When you think of a website being hacked, you probably imagine consequences like identity theft, financial losses, or theft of proprietary information.
It’s true that these are all valid threats, but there is one more threat that is equally important--and is commonly overlooked. If an attack on your business affects your clients, you could be at risk of reputational damage that’s harder to repair than a broken egg.
Although a recent survey by DC-based ratings and reviews firm Clutch found that 54% of website managers believe they have not been subject to an attack, I would caution that many attacks succeed because they go unnoticed.
We’re continually monitoring methods hackers might use attack your clients through your business, identifying countermeasures, and developing ways to limit reputational damage should an attack succeed.
How Hackers Might Target Your Clients
We all want to protect our own websites. But what most don’t realize is that hackers could actually do minimal damage to your website while phishing for information that can be used in an attack against your clients.
As an example, let’s say you have a website for your construction company and have integrated Google suite for your small team of employees. You have a small business and fewer than 20 employees; why would a hacker care about your company?
Now imagine that your construction company has a contract with the Department of Defense for a new building. Hackers might not be interested in attacking your small business--but they might be very interested in having access to the Department of Defense’s security plans and financial information.
Your Email Could be Used in a Phishing Scheme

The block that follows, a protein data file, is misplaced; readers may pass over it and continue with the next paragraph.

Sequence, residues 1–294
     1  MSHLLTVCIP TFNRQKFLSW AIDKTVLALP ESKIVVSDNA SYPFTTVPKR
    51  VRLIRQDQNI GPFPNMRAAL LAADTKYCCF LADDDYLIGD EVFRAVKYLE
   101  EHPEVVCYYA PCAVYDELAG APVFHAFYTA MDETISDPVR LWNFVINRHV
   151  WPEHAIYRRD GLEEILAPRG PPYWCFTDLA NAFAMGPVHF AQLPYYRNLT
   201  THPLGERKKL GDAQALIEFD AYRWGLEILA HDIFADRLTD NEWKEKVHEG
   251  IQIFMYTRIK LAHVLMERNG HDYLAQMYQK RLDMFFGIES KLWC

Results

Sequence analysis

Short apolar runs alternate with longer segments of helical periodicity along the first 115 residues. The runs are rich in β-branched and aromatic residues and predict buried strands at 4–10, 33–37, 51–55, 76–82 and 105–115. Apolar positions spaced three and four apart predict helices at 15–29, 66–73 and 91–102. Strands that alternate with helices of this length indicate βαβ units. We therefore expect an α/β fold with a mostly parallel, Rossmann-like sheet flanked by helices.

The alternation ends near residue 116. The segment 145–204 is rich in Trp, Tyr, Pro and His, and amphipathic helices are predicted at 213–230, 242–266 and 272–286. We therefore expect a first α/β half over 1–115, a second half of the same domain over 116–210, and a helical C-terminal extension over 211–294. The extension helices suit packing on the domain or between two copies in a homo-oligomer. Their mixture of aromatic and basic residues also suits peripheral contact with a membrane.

But how can hackers get to your clients in the first place? One common method is to gain access to your company’s email and use fraudulent emails in a phishing scheme, getting your client to give up sensitive information.
Hackers could spend weeks or even months observing emails among you and your clients before choosing a moment to strike. Worst of all, you might never realize they are there.
Let’s go back to our example of the construction company. Hackers could notice that your construction company corresponds with the same individual in the Department of Defense’s finance office when payments for construction services are due. They might see an out of office notification or an email mentioning that the Department of Defense’s employee has a vacation planned.
With another employee temporarily covering the position, hackers might exploit their lack of familiarity by sending an invoice from an email appearing to come from your construction office. Within hours, the money could be siphoned into hackers’ pockets.
Among companies surveyed by Clutch who reported experiencing security liabilities, email phishing attacks were the most common, affecting nearly one-third of websites (30%).
The Key to Limiting Reputational Damage
Although this scenario is frightening, by demonstrating that you take security seriously and have a strategy in place, you can help mitigate some of the reputational damage.
If one of these attacks occurs, it could take some time for clients to connect the problem to your website. Before this type of disaster ever strikes, you’ll want to have a plan in place.
The best plan is to be proactive about your security procedures. Having a robust security strategy can help you to earn your client’s trust back more quickly should hackers strike.
Some elements of a strong security plan include:
- Vetting plugins carefully
- Updating all software and applications regularly
- Implementing two-factor authentication when possible
- Holding regular training sessions to educate your employees about security
- Having a rapid response plan in place
- Performing (and documenting) regular cybersecurity audits
No business is completely hack-proof, but having security procedures built into your budget and company culture can go a long way in limiting reputational damage in the event that one of your clients is targeted.